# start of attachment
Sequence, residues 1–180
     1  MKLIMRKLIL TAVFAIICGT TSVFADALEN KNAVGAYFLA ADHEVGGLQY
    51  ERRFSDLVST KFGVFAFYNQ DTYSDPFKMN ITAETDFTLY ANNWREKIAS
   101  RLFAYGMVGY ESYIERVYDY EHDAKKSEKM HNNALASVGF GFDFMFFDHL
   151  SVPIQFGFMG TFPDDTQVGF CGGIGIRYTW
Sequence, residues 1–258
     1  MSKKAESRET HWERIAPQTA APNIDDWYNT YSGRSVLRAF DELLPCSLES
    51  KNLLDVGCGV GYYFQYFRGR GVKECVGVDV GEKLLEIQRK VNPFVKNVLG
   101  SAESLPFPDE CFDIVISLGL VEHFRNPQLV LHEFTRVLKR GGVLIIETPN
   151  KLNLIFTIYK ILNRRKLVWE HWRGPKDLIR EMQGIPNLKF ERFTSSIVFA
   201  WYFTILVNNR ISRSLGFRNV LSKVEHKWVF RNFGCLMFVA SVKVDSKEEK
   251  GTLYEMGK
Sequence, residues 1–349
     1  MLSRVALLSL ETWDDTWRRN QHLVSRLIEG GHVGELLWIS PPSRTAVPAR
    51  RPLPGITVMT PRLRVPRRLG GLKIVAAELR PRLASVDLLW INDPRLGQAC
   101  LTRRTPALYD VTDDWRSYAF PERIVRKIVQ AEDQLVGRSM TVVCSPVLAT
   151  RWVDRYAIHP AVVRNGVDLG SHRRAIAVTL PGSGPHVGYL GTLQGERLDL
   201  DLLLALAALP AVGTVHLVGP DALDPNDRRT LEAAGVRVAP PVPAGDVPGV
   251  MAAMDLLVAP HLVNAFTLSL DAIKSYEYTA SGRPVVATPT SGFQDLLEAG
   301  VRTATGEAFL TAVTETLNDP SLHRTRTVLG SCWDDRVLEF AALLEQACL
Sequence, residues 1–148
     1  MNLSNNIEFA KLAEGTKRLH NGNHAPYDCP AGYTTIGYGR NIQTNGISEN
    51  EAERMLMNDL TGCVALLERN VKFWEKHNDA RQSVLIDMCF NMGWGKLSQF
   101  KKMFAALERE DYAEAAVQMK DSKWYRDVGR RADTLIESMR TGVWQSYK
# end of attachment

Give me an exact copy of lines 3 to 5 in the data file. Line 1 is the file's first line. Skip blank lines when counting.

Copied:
    51  ERRFSDLVST KFGVFAFYNQ DTYSDPFKMN ITAETDFTLY ANNWREKIAS
   101  RLFAYGMVGY ESYIERVYDY EHDAKKSEKM HNNALASVGF GFDFMFFDHL
   151  SVPIQFGFMG TFPDDTQVGF CGGIGIRYTW